Microvascular decompression (MVD) has grown as a first-line surgical intervention for severe facial pain from trigeminal neuralgia and/or hemifacial spasm. We sought to examine the safety and cost-benefits of discharging MVD patients within one day of admission.We retrospectively reviewed patients undergoing MVD at our institution from 2008-2020. Patients were sorted by 1-day, 2-day, or >2-day days until discharge and by year from 2008-2013, 2014-2018, or 2019-2020. Patient presenting characteristics, intraoperative measures, and complications were documented. Statistical differences were calculated by one-way ANOVA and Chi-squared analyses.Our cohort included 976 patients undergoing MVD with 231 (23.6%) between 2008-2013, 517 (52.9%) between 2014-2018, and 228 (23.3%) between 2019-2020. Over time, postoperative admission rates to the critical care unit, total inpatient hospital admission times, and Barrow Neurological Institute (BNI) scores at first follow-up decreased. Postoperative complications, including CSF leak, decreased significantly. Additionally, patients discharged within one day of admission incurred a total hospital cost of $26,689, which was $3,588 lower than patients discharged within more than one day of admission, p<0.0001. Discharging carefully selected patients who are appropriate for discharge within one day of admission could translate to a potential cost-savings of $255,346 per year in our clinical practice.In our experience, microvascular decompressions are a safe, elective intervention. Our findings suggest that postoperative day one discharge in patients with an uncomplicated postoperative course may be safe while improving hospital resource utilization.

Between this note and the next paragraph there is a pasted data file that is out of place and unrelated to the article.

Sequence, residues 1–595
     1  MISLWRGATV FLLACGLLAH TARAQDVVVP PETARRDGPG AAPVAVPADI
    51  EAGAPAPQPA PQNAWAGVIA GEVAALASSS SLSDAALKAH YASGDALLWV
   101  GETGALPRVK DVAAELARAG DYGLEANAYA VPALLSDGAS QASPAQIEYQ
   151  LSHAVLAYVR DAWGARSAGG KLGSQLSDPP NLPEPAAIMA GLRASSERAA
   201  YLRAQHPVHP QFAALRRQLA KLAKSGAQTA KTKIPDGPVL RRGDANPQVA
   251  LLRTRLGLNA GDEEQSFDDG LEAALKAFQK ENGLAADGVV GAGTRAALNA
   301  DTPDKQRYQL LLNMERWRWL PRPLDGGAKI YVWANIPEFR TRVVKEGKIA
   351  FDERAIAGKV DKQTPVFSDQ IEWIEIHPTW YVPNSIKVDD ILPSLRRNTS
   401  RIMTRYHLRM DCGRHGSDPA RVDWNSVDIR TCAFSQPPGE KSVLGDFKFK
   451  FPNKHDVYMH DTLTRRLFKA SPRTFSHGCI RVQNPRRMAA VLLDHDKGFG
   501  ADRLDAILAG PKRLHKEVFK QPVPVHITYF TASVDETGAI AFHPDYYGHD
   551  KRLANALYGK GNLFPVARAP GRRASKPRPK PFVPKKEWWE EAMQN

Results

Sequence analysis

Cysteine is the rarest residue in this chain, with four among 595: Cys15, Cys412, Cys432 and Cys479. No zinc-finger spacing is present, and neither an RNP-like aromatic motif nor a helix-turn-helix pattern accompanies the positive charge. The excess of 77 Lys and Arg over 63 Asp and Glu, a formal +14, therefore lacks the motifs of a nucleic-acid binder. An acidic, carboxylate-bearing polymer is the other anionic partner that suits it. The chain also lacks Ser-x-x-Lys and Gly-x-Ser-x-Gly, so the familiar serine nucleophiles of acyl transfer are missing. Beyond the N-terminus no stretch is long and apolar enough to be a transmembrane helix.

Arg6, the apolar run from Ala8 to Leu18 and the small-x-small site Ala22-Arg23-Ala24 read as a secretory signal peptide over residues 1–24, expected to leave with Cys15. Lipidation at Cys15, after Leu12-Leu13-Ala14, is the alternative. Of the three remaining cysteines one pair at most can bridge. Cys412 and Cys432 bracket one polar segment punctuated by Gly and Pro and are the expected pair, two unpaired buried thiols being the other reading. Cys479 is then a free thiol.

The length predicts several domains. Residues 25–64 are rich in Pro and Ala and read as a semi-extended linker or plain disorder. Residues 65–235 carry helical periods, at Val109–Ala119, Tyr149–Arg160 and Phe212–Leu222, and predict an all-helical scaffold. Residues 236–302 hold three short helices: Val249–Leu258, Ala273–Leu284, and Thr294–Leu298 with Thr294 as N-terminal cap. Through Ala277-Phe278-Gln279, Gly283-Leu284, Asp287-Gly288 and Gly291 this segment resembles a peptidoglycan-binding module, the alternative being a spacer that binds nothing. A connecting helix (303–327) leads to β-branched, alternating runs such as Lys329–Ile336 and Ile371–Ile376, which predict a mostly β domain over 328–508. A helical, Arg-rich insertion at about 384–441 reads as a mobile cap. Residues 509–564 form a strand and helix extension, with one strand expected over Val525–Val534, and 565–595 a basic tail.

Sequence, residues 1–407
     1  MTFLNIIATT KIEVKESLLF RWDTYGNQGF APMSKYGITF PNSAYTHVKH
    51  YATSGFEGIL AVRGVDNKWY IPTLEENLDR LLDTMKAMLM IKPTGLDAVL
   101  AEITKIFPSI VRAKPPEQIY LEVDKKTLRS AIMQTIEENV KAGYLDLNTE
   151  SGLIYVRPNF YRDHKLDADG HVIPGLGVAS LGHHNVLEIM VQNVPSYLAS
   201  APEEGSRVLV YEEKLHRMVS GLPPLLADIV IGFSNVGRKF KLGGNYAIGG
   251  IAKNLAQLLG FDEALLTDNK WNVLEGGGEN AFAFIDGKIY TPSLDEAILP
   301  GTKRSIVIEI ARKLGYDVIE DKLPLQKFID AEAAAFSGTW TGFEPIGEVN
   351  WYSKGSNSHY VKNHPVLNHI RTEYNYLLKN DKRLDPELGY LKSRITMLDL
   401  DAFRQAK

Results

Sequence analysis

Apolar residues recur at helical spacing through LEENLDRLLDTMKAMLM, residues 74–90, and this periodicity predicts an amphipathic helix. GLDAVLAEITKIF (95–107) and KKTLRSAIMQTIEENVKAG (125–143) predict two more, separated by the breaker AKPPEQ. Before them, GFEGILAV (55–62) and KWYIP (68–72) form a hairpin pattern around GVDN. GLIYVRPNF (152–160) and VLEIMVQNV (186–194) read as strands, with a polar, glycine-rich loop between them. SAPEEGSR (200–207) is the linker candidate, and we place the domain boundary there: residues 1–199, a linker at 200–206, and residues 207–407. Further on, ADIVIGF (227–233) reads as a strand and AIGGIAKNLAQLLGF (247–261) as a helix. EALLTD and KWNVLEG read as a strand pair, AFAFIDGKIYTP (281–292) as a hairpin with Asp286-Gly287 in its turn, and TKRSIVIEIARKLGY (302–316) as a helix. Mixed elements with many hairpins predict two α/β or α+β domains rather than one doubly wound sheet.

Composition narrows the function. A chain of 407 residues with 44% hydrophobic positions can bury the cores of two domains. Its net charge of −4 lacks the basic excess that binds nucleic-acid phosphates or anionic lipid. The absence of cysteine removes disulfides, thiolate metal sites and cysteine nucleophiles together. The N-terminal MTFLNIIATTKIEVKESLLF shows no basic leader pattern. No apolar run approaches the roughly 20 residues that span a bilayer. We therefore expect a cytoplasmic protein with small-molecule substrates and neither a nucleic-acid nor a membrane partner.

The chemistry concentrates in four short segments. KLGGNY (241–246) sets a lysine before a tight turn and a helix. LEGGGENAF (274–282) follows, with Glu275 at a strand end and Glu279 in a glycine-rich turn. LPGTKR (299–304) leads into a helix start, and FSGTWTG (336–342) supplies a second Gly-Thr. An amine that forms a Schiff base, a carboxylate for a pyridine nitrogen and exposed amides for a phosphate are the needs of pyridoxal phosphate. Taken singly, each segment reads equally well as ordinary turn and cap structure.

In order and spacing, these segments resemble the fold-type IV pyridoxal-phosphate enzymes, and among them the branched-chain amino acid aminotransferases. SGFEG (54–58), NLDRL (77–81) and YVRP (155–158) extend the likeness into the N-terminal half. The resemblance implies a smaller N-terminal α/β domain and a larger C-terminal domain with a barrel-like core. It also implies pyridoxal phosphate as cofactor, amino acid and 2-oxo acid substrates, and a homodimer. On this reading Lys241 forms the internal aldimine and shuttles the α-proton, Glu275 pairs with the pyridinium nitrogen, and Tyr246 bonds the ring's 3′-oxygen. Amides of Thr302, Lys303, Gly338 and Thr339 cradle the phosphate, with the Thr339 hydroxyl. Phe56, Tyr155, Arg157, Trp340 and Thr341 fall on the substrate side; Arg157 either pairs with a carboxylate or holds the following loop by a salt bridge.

View details for DOI 10.1016/j.wneu.2022.07.037
View details for PubMedID 35842175